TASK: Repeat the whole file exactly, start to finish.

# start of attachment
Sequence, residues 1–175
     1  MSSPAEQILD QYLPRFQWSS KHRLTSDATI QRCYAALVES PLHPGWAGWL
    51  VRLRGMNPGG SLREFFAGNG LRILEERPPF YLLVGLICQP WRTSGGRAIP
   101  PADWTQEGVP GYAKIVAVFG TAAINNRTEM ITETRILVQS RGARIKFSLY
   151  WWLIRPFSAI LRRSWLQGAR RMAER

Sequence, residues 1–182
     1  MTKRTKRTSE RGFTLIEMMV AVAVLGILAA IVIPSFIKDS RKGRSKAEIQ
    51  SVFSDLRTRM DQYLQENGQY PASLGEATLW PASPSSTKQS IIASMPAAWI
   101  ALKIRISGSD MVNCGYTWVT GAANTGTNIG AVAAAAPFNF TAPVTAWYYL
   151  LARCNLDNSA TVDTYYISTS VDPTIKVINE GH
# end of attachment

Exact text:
Sequence, residues 1–175
     1  MSSPAEQILD QYLPRFQWSS KHRLTSDATI QRCYAALVES PLHPGWAGWL
    51  VRLRGMNPGG SLREFFAGNG LRILEERPPF YLLVGLICQP WRTSGGRAIP
   101  PADWTQEGVP GYAKIVAVFG TAAINNRTEM ITETRILVQS RGARIKFSLY
   151  WWLIRPFSAI LRRSWLQGAR RMAER

Sequence, residues 1–182
     1  MTKRTKRTSE RGFTLIEMMV AVAVLGILAA IVIPSFIKDS RKGRSKAEIQ
    51  SVFSDLRTRM DQYLQENGQY PASLGEATLW PASPSSTKQS IIASMPAAWI
   101  ALKIRISGSD MVNCGYTWVT GAANTGTNIG AVAAAAPFNF TAPVTAWYYL
   151  LARCNLDNSA TVDTYYISTS VDPTIKVINE GH